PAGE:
I do have hope though that this will continue to improve over time.  But if I forget to do something or forget a name or forget an event, please forgive me.  I am not offended by reminders either, and welcome them as a matter of fact.

Like, the other day, after my cognitive testing, I met with a teal sister for coffee before getting mom at dialysis.  My friend asked me how my day was and I couldn't remember where I had been.  I laughed and said "I don't remember............wait..........oh ...........This is funny but I forgot that I went to do a memory test this morning".  I just laugh at myself now, but when it comes to work, that isn't funny..........aagh

Life could be worse...................I love you all!!!!!!!!!!!!!!!!!!!!!!!!!

Brain image compliments of http://www.pbs.org/

Friday, November 04, 2011

Something creative and beautiful

Here is a link to an Art Tutorial created by my sister.  I am so proud of her.  I thought I'd share something that brings joy today.  We all need art in our daily lives.  Art creates emotions and gives us life!  Art speaks truth.  Peace.

http://poppytalk.blogspot.com/2011/10/art-tutorial-drink-up-these-kitchen.html

I love you sis!

Thursday, November 03, 2011

From NEJM on Drug shortages


Perspective

The Shortage of Essential Chemotherapy Drugs in the United States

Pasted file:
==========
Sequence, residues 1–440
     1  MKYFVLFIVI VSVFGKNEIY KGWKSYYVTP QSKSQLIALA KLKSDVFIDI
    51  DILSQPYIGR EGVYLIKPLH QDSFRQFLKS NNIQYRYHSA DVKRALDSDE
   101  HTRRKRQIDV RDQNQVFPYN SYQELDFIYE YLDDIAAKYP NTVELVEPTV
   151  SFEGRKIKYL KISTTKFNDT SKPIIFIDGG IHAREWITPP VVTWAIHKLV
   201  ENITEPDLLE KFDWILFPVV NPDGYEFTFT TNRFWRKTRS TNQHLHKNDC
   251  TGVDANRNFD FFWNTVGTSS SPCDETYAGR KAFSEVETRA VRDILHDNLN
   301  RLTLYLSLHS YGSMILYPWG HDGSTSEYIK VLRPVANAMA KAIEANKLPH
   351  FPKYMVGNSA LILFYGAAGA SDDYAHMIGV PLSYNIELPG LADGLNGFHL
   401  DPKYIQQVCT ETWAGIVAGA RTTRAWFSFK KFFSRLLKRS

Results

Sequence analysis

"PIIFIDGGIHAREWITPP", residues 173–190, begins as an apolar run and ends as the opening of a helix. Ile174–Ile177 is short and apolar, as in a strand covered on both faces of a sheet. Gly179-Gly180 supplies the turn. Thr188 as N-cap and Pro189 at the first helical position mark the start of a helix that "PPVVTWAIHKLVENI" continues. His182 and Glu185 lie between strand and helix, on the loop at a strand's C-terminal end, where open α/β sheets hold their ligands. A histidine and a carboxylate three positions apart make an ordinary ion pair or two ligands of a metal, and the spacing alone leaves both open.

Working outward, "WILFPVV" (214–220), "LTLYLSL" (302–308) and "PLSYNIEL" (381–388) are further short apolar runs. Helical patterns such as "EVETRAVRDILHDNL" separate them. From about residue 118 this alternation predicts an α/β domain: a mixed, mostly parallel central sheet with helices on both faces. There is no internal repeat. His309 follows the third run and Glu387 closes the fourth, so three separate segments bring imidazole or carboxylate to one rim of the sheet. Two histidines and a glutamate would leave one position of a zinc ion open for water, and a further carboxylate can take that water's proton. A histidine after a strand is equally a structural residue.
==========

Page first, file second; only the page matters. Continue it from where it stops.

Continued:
Mandy L. Gatesman, Pharm.D., and Thomas J. Smith, M.D.
N Engl J Med 2011; 365:1653-1655November 3, 2011
 Comments open through November 9, 2011
Article
References
Comments (8)
For the first time in the United States, some essential chemotherapy drugs are in short supply. Most are generic drugs that have been used for years in childhood leukemia and curable cancers — vincristine, methotrexate, leucovorin, cytarabine, doxorubicin, bleomycin, and paclitaxel.1 The shortages have caused serious concerns about safety, cost, and availability of lifesaving treatments. In a survey from the Institute for Safe Medication Practices, 25% of clinicians indicated that an error had occurred at their site because of drug shortages. Many of these errors were attributed to inexperience with alternative products — for instance, incorrect administration of levoleucovorin (Fusilev) when used as a substitute for leucovorin or use of a 1000-mg vial of cytarabine instead of the usual 500-mg one, resulting in an overdose. Most cancer centers quadruple-check drugs for accuracy, and we're unaware of any documented death of a patient with cancer such as the nine deaths in Alabama attributable to the use of locally compounded liquid nutrition because the sterile product was not available. However, it is only a matter of time.